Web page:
Mavis Gallant World Literature Analysis
Gallant’s experiences often serve as material for her fiction. Her sense of abandonment as a child, her departure from her native Canada, and her subsequent life as an expatriate writer in Paris—these events have contributed to the recurrent themes of alienation, search for a voice, the effect of the past on the future, and the role memory and imagination play in shaping reality and history. Whether the stories take place in Canada or Europe, the protagonists, usually women, attempt unsuccessfully to create an ideal life, reach a point where insight is seemingly unavoidable, and yet often create instead a new reality that reshapes the history that might have precipitated that insight.
For Gallant, childhood is the source of memory, a rich repository of good and, more often, bad events that inevitably affect adult behavior. Often, there is, as amply illustrated in the stories in her Green Water, Green Sky, a destructive relationship between mother and daughter. The daughters’ identities and voices in the stories in this collection are controlled by the mothers, who have accepted the roles society has created for them. Since Gallant regards Canada as a repressive, rigid society, she sometimes equates the mother figure with Canada and the daughter with Europe. The daughter, like Gallant, must escape and live the life of an expatriate in order to free herself and become independent—this, however, seldom happens in Gallant’s work.
Daughters without dominating mothers often seem abandoned, psychologically orphaned, and intent on a man’s approval and love. Fathers are ineffectual absentees who denigrate or patronize their daughters. Prospective husbands (many Gallant stories feature women who confront marital decisions) are not sympathetically portrayed. Retreating from the real world, toward intellectual pursuits, they seldom act decisively; instead they drift into decisions.
As the titles of her novels and short-story collections often indicate, her characters are often in transit or are at a critical junction in their lives. Gallant places them in the present, recounts the past that led to the present event, and then often somewhat abruptly ends the story. A geographical journey often serves as metaphor for the emotional or psychological trip her protagonists make. In The Pegnitz Junction, Christine’s Paris holiday ends in disillusionment, and her meandering train trip back to Germany ends at a junction—she neither makes a decision about her two suitors nor continues her trip. In the six stories about Linnet Muir in Home Truths, Linnet attempts to return home, in this case to Canada (Linnet seems a thinly veiled Gallant). She finds that she, too, cannot return home. In her native Montreal, she remains, like so many Gallant characters, an alien, a foreigner caught between two cultures, between the past and the present.
In Gallant’s fiction, women are often shielded from real experience, and they sometimes resort to creating ideal romantic worlds based on their culturally derived assumptions about men and marriage. In “Across the Bridge,” the title story of Gallant’s 1993 short-story collection, Sylvie constructs an enchanted world; in “The Other Paris,” the title story of her 1956 short-story collection, Carol imagines a “dream Paris.” Both worlds are revealed as unreal. In both cases the protagonist retreats from the revelation and imagines a new world in which she can live a lesser life. In The Pegnitz Junction this ability to create or construct other worlds is carried into the psychic realm. Christine’s “scripts” for other people’s lives, scripts that surpass her own story in interest and action, demonstrate the importance of the imagination and of control of the story.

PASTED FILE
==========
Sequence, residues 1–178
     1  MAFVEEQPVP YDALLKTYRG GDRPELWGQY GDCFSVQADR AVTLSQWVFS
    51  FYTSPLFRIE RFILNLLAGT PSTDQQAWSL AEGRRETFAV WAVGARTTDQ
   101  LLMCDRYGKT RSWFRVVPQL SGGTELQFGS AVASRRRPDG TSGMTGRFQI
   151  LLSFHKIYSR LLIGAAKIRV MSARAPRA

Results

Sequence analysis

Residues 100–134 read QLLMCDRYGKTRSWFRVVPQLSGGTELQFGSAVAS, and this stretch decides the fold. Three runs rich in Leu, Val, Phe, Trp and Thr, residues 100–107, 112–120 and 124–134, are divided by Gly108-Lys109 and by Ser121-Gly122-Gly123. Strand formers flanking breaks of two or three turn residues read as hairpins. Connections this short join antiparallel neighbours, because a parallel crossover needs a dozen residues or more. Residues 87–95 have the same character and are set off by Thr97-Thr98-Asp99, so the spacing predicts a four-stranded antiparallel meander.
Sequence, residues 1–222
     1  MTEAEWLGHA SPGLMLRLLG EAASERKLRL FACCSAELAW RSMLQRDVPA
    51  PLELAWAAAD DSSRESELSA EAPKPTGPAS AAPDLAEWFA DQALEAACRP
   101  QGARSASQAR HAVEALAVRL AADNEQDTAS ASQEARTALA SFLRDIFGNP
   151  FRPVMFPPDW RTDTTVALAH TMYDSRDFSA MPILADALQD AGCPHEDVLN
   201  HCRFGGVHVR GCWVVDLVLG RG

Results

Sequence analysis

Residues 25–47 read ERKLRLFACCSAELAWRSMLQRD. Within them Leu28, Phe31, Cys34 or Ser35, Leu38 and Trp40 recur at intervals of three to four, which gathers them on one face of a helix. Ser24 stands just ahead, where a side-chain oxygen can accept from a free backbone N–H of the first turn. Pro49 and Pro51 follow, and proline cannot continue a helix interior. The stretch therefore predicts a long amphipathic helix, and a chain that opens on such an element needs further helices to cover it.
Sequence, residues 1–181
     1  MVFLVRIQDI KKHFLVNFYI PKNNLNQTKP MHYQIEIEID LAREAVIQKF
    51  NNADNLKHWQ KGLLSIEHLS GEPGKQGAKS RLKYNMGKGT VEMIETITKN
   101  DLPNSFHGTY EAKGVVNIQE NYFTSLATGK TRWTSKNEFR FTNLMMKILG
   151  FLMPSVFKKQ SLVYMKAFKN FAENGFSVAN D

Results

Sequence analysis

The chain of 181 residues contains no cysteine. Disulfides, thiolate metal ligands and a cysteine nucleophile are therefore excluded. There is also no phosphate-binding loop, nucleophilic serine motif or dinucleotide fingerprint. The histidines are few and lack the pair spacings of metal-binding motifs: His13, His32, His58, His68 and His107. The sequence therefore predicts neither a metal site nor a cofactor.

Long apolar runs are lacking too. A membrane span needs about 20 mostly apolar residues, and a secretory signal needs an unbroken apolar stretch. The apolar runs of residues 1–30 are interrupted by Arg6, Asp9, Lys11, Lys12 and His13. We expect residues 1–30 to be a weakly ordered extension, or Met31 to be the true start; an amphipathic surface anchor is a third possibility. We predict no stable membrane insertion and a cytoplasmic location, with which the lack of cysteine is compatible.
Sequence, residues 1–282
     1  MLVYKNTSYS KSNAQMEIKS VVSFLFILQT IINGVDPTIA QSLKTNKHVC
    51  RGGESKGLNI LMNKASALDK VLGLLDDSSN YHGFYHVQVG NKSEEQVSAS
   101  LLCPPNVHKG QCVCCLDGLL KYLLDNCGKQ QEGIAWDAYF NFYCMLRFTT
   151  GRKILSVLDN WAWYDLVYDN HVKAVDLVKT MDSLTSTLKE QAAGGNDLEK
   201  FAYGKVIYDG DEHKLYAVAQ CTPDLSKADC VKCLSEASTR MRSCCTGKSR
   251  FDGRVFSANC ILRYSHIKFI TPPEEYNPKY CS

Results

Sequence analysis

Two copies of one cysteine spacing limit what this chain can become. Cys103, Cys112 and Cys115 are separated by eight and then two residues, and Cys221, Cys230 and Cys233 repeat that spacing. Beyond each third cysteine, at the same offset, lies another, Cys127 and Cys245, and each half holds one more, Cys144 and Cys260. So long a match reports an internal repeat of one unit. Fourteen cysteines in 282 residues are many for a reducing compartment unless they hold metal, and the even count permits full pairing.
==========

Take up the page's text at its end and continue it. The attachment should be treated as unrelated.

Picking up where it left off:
Gallant’s characters are bound to the historical settings in which their fictional lives exist. Whether it is sterile Montreal, drab 1950’s or activist 1960’s Paris, or the broader canvas of post-World War II Europe, the historical settings shape the characters’ lives. The war in Indochina may not be the focus of The Other Paris, but it is on the periphery; what happens there deeply affects characters’ lives.
Important as history is, for Gallant it is not a fixed, permanent record of past events, but a shifting account shaped by people who record public events (World War II, the Dreyfus case, the war in Indochina) in their own personal memories. Past events are interpreted as commentaries on the failed present by an older generation intent on giving meaning and consequence to their lives. Even professional historians fail to establish a true history. In “Kingdom Come” (1986), Gallant recounts the fate of a professor who attempts to document the linguistic past of an obscure tribe in a remote location. He is rejected by the tribe and his own children, and his “history” is dismissed by his colleagues.
Gallant demonstrates the complex interplay between characters and history by including journals and letters, which possess a documentary quality, in her fiction; by using multiple points of view, which often are abruptly shifted; and by employing interior monologues and flashbacks. Gallant also sometimes shifts the narrative point of view, for example, from third person limited to the omniscient; it is often difficult to detect the exact point of view, making it impossible to identify how aware a character is. The cyclical nature of many of Gallant’s narratives also poses problems for readers, since some stories are framed by similar stories. This lends a claustrophobic air to the narrative. Some stories begin before a climactic moment, retreat into the past, return to the present, and stop just short of actual resolution. Although the “endings” of these stories are not told, they are implied and are, in a sense, created by the character, who anticipates an ending, reinterprets past action, and imagines a resolution that is at once true and...
(The entire section is 2445 words.)